People who need insulin for their type 1 or type 2 diabetes are skimping on the shots because the drug has become so expensive.
A study this week in the Journal of the American Medical Association found that more than 25% of people with diabetes who rely on insulin for blood sugar control said they skipped required doses because they could not afford the medication. Among those aged 18 to 40 whom they surveyed, it was even worse: more than 32% said they cut back on their required shots to save money.
An editorial in the same issue noted that between 2007 and 2017, the average wholesale price of the most popular insulins in the US has more than tripled in price. Between 2010 and 2015, the monthly wholesale price of Humulin, the most popular insulin, rose to nearly $1100, up from $258 for the average patient, the editorial said.
“Skimping on insulin can be rapidly deadly in people whose bodies make none of their own and can result in a life-threatening metabolic disturbance,” said the editorial, headlined: When high prices mean needless death.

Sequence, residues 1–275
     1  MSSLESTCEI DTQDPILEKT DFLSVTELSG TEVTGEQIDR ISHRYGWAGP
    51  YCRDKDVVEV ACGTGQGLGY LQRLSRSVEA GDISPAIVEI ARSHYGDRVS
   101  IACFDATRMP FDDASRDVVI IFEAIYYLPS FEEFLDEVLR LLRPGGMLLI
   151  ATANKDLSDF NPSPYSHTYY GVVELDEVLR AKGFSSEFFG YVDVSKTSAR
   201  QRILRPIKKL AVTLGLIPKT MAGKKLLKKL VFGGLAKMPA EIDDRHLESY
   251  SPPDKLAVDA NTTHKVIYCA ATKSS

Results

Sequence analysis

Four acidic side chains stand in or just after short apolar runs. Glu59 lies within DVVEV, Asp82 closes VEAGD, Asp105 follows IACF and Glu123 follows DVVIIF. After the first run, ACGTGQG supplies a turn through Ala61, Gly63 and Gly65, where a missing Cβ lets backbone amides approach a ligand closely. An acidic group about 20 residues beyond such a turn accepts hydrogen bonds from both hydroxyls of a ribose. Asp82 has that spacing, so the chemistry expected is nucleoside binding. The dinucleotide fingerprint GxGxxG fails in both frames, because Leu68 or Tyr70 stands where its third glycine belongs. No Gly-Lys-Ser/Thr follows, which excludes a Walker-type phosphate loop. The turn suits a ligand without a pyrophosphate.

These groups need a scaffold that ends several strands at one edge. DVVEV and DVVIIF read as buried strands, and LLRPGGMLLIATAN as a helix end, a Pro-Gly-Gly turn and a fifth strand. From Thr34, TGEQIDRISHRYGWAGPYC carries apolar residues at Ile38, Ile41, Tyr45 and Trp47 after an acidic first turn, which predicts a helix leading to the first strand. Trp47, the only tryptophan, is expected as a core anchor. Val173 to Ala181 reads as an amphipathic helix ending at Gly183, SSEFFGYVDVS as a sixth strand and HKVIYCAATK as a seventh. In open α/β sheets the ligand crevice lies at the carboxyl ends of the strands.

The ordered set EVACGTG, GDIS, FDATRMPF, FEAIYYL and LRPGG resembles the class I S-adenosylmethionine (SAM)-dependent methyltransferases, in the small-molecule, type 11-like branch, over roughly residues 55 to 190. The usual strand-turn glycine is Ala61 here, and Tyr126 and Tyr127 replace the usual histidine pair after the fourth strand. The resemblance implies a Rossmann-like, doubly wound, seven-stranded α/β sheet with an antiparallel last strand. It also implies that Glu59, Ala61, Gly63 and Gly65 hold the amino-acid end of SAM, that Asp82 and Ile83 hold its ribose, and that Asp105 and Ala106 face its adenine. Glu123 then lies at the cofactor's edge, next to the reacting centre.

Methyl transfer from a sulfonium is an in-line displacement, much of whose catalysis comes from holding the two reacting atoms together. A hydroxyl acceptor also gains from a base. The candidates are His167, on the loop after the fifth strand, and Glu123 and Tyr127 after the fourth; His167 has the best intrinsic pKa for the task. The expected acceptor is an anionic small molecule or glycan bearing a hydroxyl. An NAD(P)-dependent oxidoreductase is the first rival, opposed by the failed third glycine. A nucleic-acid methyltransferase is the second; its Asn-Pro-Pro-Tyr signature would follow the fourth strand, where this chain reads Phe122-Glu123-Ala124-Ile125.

Insulin is essential for people with type 1 diabetes, whose pancreas no longer makes the hormone. We, however, have guides, patients’ success stories, news stories and videos about how a well formulated low-carb diet can help people with the condition manage their blood sugar and safely reduce their need for insulin to the lowest required dose.
Among those with type 2 diabetes, about 20% need insulin to manage their high blood sugar. However, adopting a low-carb diet has enabled some type 2 diabetics to come off insulin completely, even after decades of dependence on the drug. Check out all of our many type 2 diabetes success stories and links, such as How to reverse type 2 diabetes.